To help stop HIV in NYC, remember to:Get Tested – In addition to all the free testing locations listed above, you can also call 311, visit 311 online or text ‘testNYC’ to 877-877 to find local testing sites at any time.Get Treated – If you are living with HIV or know someone who is living with HIV, get medical care. For help finding care or support services in NYC, text ‘CARE’ to 877-877.Get Educated – Learn about the basics of HIV and AIDS. Did you know there are medications available to help prevent HIV? Visit NYC Health’s PrEP and PEP page to get more info.Find out where you can pick up free NYC Condoms.
NYC Health would also like to thank our partners for their support and free testing services: ACACIA Network, After Hours Project, Brooklyn Knows Partners, GMHC, Haitian Centers Council, Harlem Hospital Center, HEAT, Housing Works, Latino Commission on AIDS, Mount Sinai Hospital, and The William F. Ryan Center.

nychealth:

Friday, June 27 is National HIV Testing Day

Man or woman, gay or straight, young or old, everybody needs an HIV test. NYC Health is recognizing National HIV Testing Day by recommending that all New Yorkers Take Control and Take the Test!


FREE HIV testing will be offered this week at the following locations:

Tuesday, June 24

Out of the Closet/AHF: 475 Atlantic Ave, Brooklyn, 10am-6pm 
Housing Works: 2640 Pitkin Ave, Brooklyn, 12-4pm

Aid for AIDS/Elm Drugs Pharmacy: 56 7th Ave, Manhattan, 2-5pm 
Ryan Center/Love and Politics: 16 W 36th St, Manhattan, 7-10:30pm 
Aid for AIDS/General Consulate-Mexico: 27 East 39th St, Manhattan, 9am-12pm 


Wednesday, June 25

Aid for AIDS/Junction Blvd Pharmacy: 95-53 Roosevelt Ave, Queens, 10am-5pm 
Out of the Closet/AHF: 475 Atlantic Ave, Brooklyn, 10am-6pm 
Housing Works: 2640 Pitkin Ave, Brooklyn, 12-4pm 

Mt. Sinai Cafeteria 5-17 East 102 St. 3rd Floor, Manhattan, 12-2pm 


Thursday, June 26

Aid for AIDS/General Consulate-Mexico: 27 East 39th St, Manhattan, 9am-12pm 
Betances Health Center/Salvadoran Consulate: 46 Park Ave, Manhattan, 10am-1pm 
Aid for AIDS/Betances Health Center: 280 Henry St, Manhattan, 1-5pm 
Duane Reade/GMHC: 180 W 20th St, Manhattan, 3-7pm 
Duane Reade/Harlem Hospital Center: 51 W. 51st St, Manhattan, 3-7pm 
Duane Reade/Ryan Center: 52 E 14th St, Manhattan, 3-7pm 
Walgreens/Harlem United: 2575 Broadway, Manhattan, 3-7pm 
Walgreens/LCOA: 24 W 25th St, Manhattan, 3-7pm 
Walgreens/Ryan Center: 300 W 135th St, Manhattan, 3-7pm 
Walgreens/Housing Works: 20 Astor Place, Manhattan, 3-7pm 

Out of the Closet/AHF: 475 Atlantic Ave, Brooklyn, 10am-6pm 
Albee Square/Brooklyn Knows: Bond and Fulton St, Brooklyn, 10am-2pm 
Walgreens/After Hours: 1366 Broadway, Brooklyn, 3-7pm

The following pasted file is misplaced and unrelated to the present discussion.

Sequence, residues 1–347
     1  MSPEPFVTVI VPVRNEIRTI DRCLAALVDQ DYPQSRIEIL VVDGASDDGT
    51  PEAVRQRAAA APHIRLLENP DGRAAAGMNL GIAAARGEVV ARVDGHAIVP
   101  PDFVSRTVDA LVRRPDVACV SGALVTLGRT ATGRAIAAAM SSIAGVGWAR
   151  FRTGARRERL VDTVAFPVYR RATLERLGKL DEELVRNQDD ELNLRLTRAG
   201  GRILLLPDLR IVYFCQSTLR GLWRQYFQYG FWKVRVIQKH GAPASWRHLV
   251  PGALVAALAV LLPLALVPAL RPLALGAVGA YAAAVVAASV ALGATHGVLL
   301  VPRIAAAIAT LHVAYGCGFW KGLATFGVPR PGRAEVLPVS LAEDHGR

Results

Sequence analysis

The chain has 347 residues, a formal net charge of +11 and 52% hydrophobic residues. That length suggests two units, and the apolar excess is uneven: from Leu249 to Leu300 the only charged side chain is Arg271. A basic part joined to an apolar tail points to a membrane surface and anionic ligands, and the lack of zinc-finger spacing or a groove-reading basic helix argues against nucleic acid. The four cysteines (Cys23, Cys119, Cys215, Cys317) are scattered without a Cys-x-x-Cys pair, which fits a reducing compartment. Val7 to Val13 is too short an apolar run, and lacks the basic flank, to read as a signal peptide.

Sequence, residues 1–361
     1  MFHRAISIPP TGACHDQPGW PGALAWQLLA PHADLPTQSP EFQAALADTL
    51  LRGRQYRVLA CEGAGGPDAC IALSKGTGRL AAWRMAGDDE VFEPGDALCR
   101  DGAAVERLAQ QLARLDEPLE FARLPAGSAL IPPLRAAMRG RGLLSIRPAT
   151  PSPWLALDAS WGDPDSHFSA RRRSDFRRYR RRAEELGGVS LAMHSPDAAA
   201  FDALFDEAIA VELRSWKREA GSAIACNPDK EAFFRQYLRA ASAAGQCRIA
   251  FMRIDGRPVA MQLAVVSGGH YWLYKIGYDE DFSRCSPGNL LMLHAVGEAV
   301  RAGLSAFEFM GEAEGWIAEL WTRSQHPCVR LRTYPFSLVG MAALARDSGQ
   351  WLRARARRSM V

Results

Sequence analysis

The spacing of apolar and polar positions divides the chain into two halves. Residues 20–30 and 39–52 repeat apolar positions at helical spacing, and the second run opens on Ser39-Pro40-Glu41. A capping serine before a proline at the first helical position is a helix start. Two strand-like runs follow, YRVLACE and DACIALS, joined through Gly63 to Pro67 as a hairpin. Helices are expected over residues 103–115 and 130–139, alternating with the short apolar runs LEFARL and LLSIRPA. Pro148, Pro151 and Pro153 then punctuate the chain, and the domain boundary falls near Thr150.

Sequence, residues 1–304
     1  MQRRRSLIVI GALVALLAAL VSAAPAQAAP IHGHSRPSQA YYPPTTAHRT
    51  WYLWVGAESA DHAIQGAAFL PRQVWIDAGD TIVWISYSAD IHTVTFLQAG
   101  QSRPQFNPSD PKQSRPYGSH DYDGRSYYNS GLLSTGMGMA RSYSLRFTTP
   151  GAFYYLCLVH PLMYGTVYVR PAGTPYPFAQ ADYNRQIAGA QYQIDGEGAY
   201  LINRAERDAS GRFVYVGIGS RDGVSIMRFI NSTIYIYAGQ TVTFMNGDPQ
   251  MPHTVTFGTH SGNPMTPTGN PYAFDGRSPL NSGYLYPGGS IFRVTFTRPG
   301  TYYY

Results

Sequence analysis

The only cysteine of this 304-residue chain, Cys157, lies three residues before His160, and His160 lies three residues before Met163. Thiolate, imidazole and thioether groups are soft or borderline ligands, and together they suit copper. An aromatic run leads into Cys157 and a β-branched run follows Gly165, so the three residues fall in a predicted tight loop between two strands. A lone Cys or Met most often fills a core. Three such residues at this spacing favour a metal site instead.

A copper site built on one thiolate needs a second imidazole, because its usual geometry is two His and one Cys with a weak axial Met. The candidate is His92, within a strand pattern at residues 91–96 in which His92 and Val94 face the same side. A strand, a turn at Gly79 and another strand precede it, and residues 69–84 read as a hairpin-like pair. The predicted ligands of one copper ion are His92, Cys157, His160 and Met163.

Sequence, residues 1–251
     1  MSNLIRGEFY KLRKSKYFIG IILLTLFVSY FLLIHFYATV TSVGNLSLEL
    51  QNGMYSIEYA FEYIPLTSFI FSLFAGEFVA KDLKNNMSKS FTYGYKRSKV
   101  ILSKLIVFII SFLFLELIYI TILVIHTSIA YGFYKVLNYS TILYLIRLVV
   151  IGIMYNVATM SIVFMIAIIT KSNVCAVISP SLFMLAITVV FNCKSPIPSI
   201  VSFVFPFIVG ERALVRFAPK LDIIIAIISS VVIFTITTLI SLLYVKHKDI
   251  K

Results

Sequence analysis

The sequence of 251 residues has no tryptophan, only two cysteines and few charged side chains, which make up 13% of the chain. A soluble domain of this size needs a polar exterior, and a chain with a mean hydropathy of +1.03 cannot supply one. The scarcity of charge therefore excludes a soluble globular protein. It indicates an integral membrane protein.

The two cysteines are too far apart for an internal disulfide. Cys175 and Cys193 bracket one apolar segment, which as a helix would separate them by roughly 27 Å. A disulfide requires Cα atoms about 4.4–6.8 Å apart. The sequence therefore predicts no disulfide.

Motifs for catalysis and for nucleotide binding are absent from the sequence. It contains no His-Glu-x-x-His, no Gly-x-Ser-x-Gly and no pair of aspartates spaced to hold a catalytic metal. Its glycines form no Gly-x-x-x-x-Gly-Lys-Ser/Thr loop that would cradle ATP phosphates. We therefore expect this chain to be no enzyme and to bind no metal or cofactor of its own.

Walgreens/Haitian Centers Council: 2101 Church Ave, Brooklyn, 3-7pm 
Walgreens/Housing Works:755 Broadway, Brooklyn, 3-7pm 
Duane Reade/HEAT: 286 Fulton St, Brooklyn, 3-7pm 


Friday, June 27

Community Healthcare Network: Surf Ave and Stillwell Ave, Brooklyn, 9am-4pm 
Out of the Closet/AHF: 475 Atlantic Ave, Brooklyn, 10am-6pm 
Housing Works: 2640 Pitkin Ave, Brooklyn, 12-4pm 
Kings County Hospital: 451 Clarkson Ave, Brooklyn, 1-4pm 
Duane Reade/HEAT: 286 Fulton St, Brooklyn, 3-7pm 
Walgreens/After Hours: 1366 Broadway, Brooklyn, 3-7pm 
Walgreens/Haitian Centers Council: 2101 Church Ave, Brooklyn, 3-7pm 
Walgreens/Housing Works: 755 Broadway, Brooklyn, 3-7pm 

Iris House: 2348 Adam Clayton Powell Jr. Blvd, Manhattan, 10am-3pm 
The Fortune Society: 630 Riverside Drive, Manhattan, 10am-3pm 
Aid for AIDS/Betances Health Center: 280 Henry St, Manhattan, 1-5pm 
Duane Reade/GMHC: 180 W 20th St, Manhattan, 3-7pm 
Duane Reade/Harlem Hospital Center: 51 W. 51st St, Manhattan, 3-7pm 
Duane Reade/Ryan Center: 52 E 14th St, Manhattan, 3-7pm 
Walgreens/Harlem United: 2575 Broadway, Manhattan, 3-7pm 
Walgreens/LCOA: 24 W 25th St, Manhattan, 3-7pm 
Walgreens/Ryan Center: 300 W 135th St, Manhattan, 3-7pm 
Walgreens/Housing Works: 20 Astor Place, Manhattan, 3-7pm 

Care for the Homeless: 1911 Jerome Ave, Bronx, 10am-3:30pm 
Walgreens/ACACIA Network: 406 E Fordham Rd, Bronx, 3-7pm 


Saturday, June 28

Walgreens/ACACIA Network: 666 Courtlandt Ave, Bronx, 10am-2pm 
Boom Health: 940 Garrison Ave, Bronx, 12-4pm 

Out of the Closet/AHF: 475 Atlantic Ave, Brooklyn, 10am-6pm 
Duane Reade/HEAT: 286 Fulton Street, Brooklyn, 10am-2pm 
Walgreens/Haitian Centers Council: 2101 Church Ave, Brooklyn, 10am-2pm 
Walgreens/Housing Works: 755 Broadway, Brooklyn, 10am-2pm 

Duane Reade/GMHC: 180 W 20th Street, Manhattan, 10am-2pm 
Duane Reade/Ryan Center: 52 E 14th St, Manhattan, 10am-2pm 
Walgreens/Harlem United: 2575 Broadway, Manhattan, 10am-2pm 
Walgreens/LCOA: 24 W 25th St, Manhattan, 10am-2pm 
Walgreens/Ryan Center: 300 W 135th St, Manhattan, 10am-2pm 
Walgreens/Housing Works: 20 Astor Place, Manhattan, 10am-2pm